The Roughriders signed him in 1941 and he was unanimous choice for Western All-Star. The R.C.A.F. claimed him in 1942 and he played for the Winnipeg Blue Bombers in the Grey Cup.

During the war years he starred with Vancouver Norvans' Baseball Club and was the property of NHL's Chicago Black Hawks. But football was his true love, and although the NFL's Cleveland Rams wanted him, he signed with the CFL'S Ottawa Rough Riders.

Ken rejoined Saskatchewan playing from 1948-54 as a punter, halfback and defensive back. He captained the Roughriders for four years and made a second Grey Cup appearance in 1951. Ken also represented Canadian football on a Korean tour the year he retired - 1954. In all, Ken was an All-Star eight times; six in the West and two in the East.

Ken was president of St. James Senior Football Club in Winnipeg when they won Canadian laurels in 1963.

An athlete par excellence - baseball, hockey and football - congratulations!

Text courtesy of the Saskatchewan Sports Hall of Fame

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Photo 10 of 26. | | |


Catherine Cherry

Catherine Bergin / Catherine Cherry

Basketball, Track and Field (B.A. '40)

Catherine ("Fuzzy") Bergin entered the University of Saskatchewan in 1938. During her four years on campus, she competed in basketball and track and field.

She was a member of the track and field team for four years. In addition to competing, she served as manager for two years.

She played on the Huskiette basketball team for three years and earned her senior colours in 1939.

She received a Major Athletic Award in 1941.

As well as competing in two varsity sports, she was a two-year member of and served as Vice President of the Women's Athletic Directorate.

Text courtesy of the University of Saskatchewan Wall of Fame.

Date: 1940

Copyright information: Over 50 years old - order from the University of Saskatchewan Archives

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Photo 11 of 26. | | |

Frank Chisholm

Frank Chisholm left Nova Scotia and came to Saskatoon to work for the Saskatoon Public School Board. Soon after his arrival in the Hub City a badminton club was formed. He was an original member when the club opened in 1930. He was on the board of managers, became secretary -treasurer, served on many committees, coached and still had time to play the game.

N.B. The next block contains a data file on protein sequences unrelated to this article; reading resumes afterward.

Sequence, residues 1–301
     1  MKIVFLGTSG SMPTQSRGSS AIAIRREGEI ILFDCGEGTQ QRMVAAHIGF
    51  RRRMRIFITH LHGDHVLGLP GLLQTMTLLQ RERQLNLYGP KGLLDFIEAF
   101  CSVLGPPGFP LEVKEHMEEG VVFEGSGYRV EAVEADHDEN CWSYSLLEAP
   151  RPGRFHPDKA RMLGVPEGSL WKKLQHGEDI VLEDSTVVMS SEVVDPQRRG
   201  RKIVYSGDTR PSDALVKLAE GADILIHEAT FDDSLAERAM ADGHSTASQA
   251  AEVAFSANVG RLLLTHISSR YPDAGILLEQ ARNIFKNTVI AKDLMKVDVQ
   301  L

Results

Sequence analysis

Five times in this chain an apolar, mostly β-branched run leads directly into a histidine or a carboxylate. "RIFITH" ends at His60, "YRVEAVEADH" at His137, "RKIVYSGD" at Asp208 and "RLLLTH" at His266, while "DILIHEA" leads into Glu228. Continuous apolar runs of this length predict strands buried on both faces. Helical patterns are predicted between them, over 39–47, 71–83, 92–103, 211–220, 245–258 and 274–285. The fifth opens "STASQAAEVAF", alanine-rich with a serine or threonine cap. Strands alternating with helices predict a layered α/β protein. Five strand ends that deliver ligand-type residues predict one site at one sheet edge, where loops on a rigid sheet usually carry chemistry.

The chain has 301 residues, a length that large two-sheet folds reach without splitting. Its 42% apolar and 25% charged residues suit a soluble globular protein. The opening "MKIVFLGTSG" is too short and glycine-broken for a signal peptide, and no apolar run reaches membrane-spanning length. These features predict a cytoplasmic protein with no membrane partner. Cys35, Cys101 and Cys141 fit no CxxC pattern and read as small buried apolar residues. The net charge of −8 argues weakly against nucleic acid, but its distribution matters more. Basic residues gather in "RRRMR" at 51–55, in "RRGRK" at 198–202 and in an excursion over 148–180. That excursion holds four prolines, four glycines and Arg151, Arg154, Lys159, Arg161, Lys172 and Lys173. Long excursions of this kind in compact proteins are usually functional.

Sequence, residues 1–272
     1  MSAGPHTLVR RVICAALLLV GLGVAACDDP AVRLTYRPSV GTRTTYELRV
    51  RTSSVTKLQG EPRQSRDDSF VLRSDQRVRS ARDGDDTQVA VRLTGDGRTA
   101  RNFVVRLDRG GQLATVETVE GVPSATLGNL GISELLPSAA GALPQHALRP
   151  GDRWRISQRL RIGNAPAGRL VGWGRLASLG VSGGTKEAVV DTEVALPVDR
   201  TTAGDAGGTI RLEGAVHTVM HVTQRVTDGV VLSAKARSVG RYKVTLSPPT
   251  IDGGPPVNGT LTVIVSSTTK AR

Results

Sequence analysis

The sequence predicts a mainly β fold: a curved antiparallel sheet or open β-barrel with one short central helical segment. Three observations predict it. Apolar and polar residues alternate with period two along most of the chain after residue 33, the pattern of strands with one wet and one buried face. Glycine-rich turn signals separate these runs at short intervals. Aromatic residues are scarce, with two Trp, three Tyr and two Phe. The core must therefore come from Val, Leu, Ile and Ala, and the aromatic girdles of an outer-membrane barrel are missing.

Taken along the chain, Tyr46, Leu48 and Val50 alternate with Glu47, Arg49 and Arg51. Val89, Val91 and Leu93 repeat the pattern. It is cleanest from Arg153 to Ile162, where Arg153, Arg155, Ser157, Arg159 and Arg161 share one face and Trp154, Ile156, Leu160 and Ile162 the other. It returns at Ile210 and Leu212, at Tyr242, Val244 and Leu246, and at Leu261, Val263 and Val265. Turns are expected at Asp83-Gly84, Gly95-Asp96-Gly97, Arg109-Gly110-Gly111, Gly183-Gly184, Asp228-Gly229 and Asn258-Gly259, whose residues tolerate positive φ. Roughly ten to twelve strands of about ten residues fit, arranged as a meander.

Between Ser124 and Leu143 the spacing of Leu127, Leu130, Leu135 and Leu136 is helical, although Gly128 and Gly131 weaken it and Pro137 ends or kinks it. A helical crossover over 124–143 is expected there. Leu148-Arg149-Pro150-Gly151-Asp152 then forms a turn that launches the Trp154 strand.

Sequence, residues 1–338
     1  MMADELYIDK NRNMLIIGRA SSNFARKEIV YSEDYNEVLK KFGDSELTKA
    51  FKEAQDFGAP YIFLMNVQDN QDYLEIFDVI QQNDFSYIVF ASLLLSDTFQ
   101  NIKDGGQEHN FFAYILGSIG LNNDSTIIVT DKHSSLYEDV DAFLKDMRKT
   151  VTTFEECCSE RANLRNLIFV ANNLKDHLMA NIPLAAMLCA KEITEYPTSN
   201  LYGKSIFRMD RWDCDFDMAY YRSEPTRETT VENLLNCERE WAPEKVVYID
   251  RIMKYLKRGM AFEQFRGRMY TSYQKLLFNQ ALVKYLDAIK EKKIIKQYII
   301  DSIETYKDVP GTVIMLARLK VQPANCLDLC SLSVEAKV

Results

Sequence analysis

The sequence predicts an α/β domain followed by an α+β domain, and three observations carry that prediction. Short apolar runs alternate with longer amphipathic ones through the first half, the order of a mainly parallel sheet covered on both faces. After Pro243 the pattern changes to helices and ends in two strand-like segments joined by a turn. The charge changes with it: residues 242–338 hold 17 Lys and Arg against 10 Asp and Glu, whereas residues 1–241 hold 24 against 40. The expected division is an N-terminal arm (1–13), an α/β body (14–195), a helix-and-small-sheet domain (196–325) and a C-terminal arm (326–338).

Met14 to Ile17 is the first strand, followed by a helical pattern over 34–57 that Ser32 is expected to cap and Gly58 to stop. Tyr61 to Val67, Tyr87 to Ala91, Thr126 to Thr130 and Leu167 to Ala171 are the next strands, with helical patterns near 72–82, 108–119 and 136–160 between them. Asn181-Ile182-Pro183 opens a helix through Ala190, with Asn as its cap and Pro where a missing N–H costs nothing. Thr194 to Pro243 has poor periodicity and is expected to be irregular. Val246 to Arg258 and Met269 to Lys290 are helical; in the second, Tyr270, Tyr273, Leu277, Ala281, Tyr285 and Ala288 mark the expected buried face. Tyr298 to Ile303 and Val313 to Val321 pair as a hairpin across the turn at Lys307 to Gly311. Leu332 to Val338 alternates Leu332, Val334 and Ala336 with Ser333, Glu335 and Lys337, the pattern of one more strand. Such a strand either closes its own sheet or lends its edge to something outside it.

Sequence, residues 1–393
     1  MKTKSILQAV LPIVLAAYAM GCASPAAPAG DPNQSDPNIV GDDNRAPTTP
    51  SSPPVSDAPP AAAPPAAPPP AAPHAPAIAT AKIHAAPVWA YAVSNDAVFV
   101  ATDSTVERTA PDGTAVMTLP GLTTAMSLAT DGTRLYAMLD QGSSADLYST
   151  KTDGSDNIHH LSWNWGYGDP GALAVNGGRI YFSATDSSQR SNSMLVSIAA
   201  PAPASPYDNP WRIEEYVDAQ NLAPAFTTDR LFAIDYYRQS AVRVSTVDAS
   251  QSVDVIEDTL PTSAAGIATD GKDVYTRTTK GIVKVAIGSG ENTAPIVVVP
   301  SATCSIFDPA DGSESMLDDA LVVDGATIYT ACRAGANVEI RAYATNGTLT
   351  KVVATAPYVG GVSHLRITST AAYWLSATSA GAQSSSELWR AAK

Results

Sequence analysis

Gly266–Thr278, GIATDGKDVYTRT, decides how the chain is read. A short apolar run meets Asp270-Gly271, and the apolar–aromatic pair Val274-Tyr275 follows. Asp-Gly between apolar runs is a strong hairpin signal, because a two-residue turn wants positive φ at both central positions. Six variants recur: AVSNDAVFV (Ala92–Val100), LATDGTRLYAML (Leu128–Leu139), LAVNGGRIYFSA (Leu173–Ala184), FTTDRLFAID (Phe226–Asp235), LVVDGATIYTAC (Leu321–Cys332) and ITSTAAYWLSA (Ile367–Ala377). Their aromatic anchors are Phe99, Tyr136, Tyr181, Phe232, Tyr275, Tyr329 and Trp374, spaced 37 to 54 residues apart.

In 1947 due to family illness Frank left the club and did not return until 1953. Club memberships were way down and he was asked to take over as manager. He put the club back on its feet and saw the facility move to a new location in Victoria Park. He worked out the design for a new building which was constructed in 1965. In this new facility Chisholm managed, coached, set up draws and ran tournaments. For many years his column "Hints on Badminton" in the Star - Phoenix was widely read. In 1972 Frank left active participation but his mark will be felt for many years.

The badminton club honored him with a lifetime membership. He was inducted into the Saskatoon Sports Hall of fame in 1988.

Text courtesy of Ned Powers

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Photo 12 of 26. | | |


Louis Christ

Louis Christ

Track and Field, Cross Country BA'81, LLB'84

Louis Christ graduated from Evan Hardy Collegiate in Saskatoon and entered the University of Saskatchewan in 1977.

Louis was a member of the track and field team and the cross country team for five years. As a track and field athlete excelling in the distance events at Canada West Championships, he captured 6 gold, 5 silver and 3 bronze medals. In CIAU competition he captured a gold medal in 1981 in the 1500 meters and anchored the gold medal team distance medley relay event. He was a member of two cross country teams that captured Canada West Championships.

While a student at the University, Louis represented Saskatchewan and Canada at a number of national and international track and field meets.

In 1980 he was awarded the Howard Nixon Trophy as the University's Outstanding Male athlete in a tournament sport. In 1982 he received the prestigious MacDonald Trophy for leadership, sportsmanship and athletic ability.

Text courtesy of the University of Saskatchewan Wall of Fame.

Copyright information: Over 50 years old - order from the University of Saskatchewan Archives

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Photo 13 of 26. | | |

Ann Clark / Ann Davis

Basketball and Volleyball (B.A.(P.E.) '65)

Ann (Davis) Clark graduated from Aden Bowman Collegiate in Saskatoon and entered the University of Saskatchewan in the fall of 1961. While at the University of Saskatchewan, she competed in basketball and volleyball for four years.